Our choice for Deal of the Month carries the largest price tag for February, and reflects a recent surge of interest in the Biotechnology sector. It is the largest deal this sector has seen since Amgen (NASDAQ: AMGN) acquired Immunex for $11.1 billion last year. After the ImClone (NASDAQ: IMCL) debacle (just ask Martha), this deal may signal that big pharma companies are no longer spooked by biotechs.
Johnson & Johnson (NYSE: JNJ) is offering to pay $45 per share in cash, for a total of $2.7 billion, to buy the California-based biotechnology company Scios (NASDAQ: SCIO).
Johnson & Johnson is one of the world’s best known manufacturers of health care products for the consumer, pharmaceutical and professional markets. Formed 116 years ago, JNJ now includes some 198 companies under its corporate umbrella. On a trailing 12-month basis, JNJ generated revenue of $36.3 billion, EBITDA of $10.7 billion and net income of $6.7 billion.
JNJ is most familiar for such consumer products as Band Aids; however, of its $36 billion in 2002 sales, $17 billion, or nearly half, came from prescription drugs. Another $13 billion came from medical devices while sales of consumer products accounted for just $6.6 billion. Moreover, prescription drugs proved the highest margin segment, accounting for 60% of JNJ’s 2002 earnings. Clearly, the pharma segment is where JNJ is concentrating its efforts.
The company currently markets about 100 prescription drugs. Like other pharma companies, though, it is faced with patent expirations and generic competition on a number of drugs. To enhance its pipeline, it is seeking out new drugs, and, as in the recent past, is looking among biotech companies for likely candidates.
Based in Sunnyvale, California, Scios discovers, develops and manufactures human therapeutics based on the company’s strengths in protein-based and small-molecule drug discovery. It concentrates primarily on cardiovascular conditions.
Unlike most biotechs, Scios actually has a drug on the market, one for congestive heart failure which could bring in an estimated peak $500 million a year in revenue. The strong selling point for this drug, which has been marketed for two years, is that it is the first big drug approved in a decade for congestive heart failure, and so does not face the patent expiration problems facing similar drugs on the market.
Scios is also developing an oral rheumatoid arthritis drug that could rival Amgen’s Enbrel and complement JNJ’s own Remicade. Readers will recall that Amgen acquired Immunex last year largely to get hold of Enbrel.
On a trailing 12-month basis, SCIO lost $98.4 million on revenue of $77.2 million. The company has nearly $300 million in cash on hand.
Under terms of the deal, JNJ is to pay $45 in cash for each share of SCIO common stock outstanding. Based on SCIO’s diluted shares, that amounts to a total $2.7 billion. However, after giving effect for SCIO’s cash on hand, the net purchase price is approximately $2.4 billion.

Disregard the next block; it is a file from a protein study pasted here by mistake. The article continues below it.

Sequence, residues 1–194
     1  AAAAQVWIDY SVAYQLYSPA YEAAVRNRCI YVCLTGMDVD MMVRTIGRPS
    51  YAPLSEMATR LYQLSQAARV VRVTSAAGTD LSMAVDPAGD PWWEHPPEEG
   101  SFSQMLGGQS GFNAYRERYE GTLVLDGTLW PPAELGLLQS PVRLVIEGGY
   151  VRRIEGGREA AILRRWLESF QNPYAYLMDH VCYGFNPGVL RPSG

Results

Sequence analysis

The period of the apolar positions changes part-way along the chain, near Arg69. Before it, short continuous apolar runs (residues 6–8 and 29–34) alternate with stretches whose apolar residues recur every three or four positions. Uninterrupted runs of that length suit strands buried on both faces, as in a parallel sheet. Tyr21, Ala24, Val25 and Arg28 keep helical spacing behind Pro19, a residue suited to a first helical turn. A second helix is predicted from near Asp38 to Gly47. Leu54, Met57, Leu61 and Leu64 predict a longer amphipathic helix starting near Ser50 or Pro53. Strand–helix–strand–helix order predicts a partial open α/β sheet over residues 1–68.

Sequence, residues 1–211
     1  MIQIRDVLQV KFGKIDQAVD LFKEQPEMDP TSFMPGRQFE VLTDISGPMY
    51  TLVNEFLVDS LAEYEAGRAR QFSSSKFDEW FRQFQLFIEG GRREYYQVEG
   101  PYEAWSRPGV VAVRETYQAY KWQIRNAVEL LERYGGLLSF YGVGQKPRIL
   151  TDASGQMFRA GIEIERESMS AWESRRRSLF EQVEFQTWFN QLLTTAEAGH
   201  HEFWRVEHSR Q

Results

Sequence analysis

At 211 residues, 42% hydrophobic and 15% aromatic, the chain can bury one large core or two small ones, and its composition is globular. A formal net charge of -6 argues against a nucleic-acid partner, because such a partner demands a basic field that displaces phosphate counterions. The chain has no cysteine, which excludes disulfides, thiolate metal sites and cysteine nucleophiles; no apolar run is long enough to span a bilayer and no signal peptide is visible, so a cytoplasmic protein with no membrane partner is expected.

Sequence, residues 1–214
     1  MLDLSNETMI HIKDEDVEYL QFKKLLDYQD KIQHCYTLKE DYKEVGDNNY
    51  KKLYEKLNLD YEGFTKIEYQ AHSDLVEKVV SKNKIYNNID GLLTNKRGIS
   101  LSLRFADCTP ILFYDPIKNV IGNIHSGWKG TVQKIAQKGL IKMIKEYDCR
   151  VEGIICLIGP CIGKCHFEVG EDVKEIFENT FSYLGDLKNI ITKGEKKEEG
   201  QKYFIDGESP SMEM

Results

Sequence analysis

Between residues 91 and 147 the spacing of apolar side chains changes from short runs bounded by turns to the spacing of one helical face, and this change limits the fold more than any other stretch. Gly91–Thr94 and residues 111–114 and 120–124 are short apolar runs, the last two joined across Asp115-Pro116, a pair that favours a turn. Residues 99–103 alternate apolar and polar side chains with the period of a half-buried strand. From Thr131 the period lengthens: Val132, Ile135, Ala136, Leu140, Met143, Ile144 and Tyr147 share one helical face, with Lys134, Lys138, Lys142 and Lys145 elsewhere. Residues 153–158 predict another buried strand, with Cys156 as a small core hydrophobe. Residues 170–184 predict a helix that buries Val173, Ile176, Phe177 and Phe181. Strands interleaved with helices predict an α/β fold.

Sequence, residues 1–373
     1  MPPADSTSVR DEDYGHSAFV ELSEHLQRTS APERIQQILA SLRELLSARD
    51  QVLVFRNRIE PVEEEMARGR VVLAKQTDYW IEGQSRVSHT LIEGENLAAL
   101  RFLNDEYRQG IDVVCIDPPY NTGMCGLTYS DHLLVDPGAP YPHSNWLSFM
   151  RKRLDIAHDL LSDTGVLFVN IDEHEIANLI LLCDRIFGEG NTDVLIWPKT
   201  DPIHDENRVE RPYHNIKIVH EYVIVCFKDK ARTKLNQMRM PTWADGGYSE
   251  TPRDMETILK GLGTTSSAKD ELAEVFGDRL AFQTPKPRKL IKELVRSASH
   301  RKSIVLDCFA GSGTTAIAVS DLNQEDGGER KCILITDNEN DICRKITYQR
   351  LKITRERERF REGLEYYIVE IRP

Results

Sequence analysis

This deal offers SCIO shareholders a 30% premium over the stock’s prior-day price. More precisely, over the price on the day before the announcement, before news of the purchase leaked out. SCIO’s stock ran up sharply on that rumor, narrowing the premium ultimately offered the next day. Even JNJ’s stock rose on news of the deal. So the market appears to roundly approve of this transaction.
Scios management may also find it attractive since companies under the JNJ umbrella typically retain their original management and enjoy a fair amount of autonomy while gaining access to the parent’s capital, managerial resources and sales force. It is this last component that SCIO will count on to realize the $500 million annual sales of its heart drug.
With almost 200 companies, JNJ is certainly no stranger to the acquisition market. This deal follows two larger investments JNJ has made in the biotech sector. In October 1999, the company acquired the Pennsylvania-based, publicly traded biopharmaceutical firm Centocor for $4.9 billion. Centocor’s therapeutic products are derived through its monoclonal antibody technology.
In 2001, the company undertook its largest deal ever with the $13.2 billion acquisition of biopharmaceutical company Alza Corp. Since JNJ also acquired Alza’s $1.8 billion in cash, the net equity value of the deal was actually somewhat lower. In that deal, JNJ acquired a set of drugs that sell well as well as a number of drug-delivery technologies for improving medicines.
A few weeks before the Scios deal, JNJ announced another, smaller biotech deal. It is offering to acquire 3-Dimensional Pharmaceuticals (NASDAQ: DDDP) for $5.74 per share in cash, or a total of $88 million. DDDP’s technology combines expertise in determining protein structures with a large library of small-molecule compounds. This helps to shorten the time from drug discovery to clinical development. Its proprietary technology is particularly focused on developing small molecules for cardiovascular disorders, oncology and inflammation.
This transaction is not likely to strain JNJ’s pocketbook, as DDDP comes with over $70 million of cash on hand. This deal yields a price to revenue multiple of 3.1x. JNJ is offering DDDP’s shareholders an 89% premium over its prior-day price.
With JNJ’s reputation as a conservative company, the Scios deal may signal that big pharma is again interested in biotech. Given all the recent M&A activity in the biotech sector (see the opposite page), we expect further deals to acquire biotech companies, particularly those that have or are close to having a marketed product.